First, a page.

All of the women live in Puebla, Mexico, and their stories feel both traditional and timeless; I’d be hard-pressed to decide on a time period. But Puebla becomes the fortieth character, really, and I loved getting to know the rhythms of the town. Mastretta’s skill with bringing people to life extends to places as well, which made the book even more of a treat. The stories themselves, often of love, are the oldest ones told; they seem to follow expected cycles of betrayal, or hardship, or joy. But, to me at least, there’s a reason why the oldest stories have stuck with us: they speak to the kind of cycles we all experience in our lives. Rather like myths and legends, they grow stronger in each retelling, and I don’t think the familiar sense I had while reading Women with Big Eyes is a bad thing. The appeal of the book is in how each of the aunts, while they do come across as individuals, are also all facets of the larger ‘woman’ archetype. Mastretta has tapped into a deep sense of identity, personalised it with her Mexican heritage, and created a book that I think every reader can see herself in. (One caveat: I cannot remember if any of the aunts fall in love with other women, and since I don’t own the book I can’t check. But it is heavy on the heterosexuality.)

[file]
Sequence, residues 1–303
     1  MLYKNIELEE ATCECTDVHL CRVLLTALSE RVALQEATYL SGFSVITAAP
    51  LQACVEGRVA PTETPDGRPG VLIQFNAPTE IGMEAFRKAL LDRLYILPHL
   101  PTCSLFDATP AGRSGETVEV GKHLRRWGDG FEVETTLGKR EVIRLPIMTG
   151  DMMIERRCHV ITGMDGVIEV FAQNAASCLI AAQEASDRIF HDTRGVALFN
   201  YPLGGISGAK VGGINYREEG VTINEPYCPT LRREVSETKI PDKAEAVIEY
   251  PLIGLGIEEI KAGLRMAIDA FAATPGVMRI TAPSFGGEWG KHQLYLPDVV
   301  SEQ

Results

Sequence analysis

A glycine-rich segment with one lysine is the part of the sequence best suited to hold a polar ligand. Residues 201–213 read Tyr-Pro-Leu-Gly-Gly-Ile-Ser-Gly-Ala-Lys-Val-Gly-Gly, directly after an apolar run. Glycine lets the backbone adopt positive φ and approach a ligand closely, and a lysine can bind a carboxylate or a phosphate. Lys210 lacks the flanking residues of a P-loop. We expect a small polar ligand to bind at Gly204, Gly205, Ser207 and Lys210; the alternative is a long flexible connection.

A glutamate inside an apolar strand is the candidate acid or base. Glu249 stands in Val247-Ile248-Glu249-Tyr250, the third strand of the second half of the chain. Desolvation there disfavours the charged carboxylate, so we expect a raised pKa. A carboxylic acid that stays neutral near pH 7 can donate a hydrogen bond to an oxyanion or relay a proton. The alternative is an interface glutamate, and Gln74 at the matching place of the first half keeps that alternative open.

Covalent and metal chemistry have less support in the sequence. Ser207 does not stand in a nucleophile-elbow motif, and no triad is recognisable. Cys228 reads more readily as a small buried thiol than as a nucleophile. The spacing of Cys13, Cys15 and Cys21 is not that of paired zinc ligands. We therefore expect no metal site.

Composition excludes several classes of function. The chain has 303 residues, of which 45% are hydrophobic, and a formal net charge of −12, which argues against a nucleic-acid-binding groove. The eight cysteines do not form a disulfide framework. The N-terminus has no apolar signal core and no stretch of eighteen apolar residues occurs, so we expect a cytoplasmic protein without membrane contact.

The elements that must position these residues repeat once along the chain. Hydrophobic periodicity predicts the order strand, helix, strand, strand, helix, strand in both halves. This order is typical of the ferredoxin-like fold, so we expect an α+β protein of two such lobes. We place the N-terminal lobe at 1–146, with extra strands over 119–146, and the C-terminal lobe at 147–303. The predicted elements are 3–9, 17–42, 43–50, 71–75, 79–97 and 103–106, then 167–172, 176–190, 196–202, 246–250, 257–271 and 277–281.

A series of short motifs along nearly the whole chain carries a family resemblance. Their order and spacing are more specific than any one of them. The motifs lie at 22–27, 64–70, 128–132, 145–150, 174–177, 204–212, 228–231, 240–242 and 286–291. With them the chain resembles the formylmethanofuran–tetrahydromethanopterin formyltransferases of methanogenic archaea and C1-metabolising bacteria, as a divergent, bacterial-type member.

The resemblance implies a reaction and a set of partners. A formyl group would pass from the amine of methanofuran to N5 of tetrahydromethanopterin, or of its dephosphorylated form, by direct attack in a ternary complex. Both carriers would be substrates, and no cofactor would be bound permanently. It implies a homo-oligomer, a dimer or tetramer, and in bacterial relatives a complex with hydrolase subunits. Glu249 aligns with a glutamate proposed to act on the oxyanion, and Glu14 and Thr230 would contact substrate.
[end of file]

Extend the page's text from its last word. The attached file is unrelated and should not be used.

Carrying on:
I cannot wait to try out some more of Mastretta’s books; in fact, I have already put in a request for one of her novels (Lovesick) from my library. I can see her becoming one of my comfort authors: the ones I turn to when I want vivid characters, a good story, and a feeling that life is beautiful, even when it’s sad.

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19 Comments leave one →
  1. November 9, 2010 9:48 am

    Wonderful post, Eva! I love the title of Mastretta’s book – ‘Women with Big Eyes’ – so beautiful and evocative! That first passage that you have quoted is really interesting – it grabs the attention of the reader! I can’t wait to read your review of Mastretta’s next book :)

    • November 10, 2010 5:17 pm

      Isn’t it a great title? I just got Lovesick home from the library too, so with any luck I should be able to talk about it within the next few weeks! :)

  2. November 9, 2010 9:53 am

    This sounds wonderful! I’ve not heard of this author, but I loved that excerpt you posted and the entire premise of this book sounds really fascinating. I love books that take us to places we might otherwise never know of, and I definitely am intrigued by the fact that you felt the city of Puebla was its own force in the novel.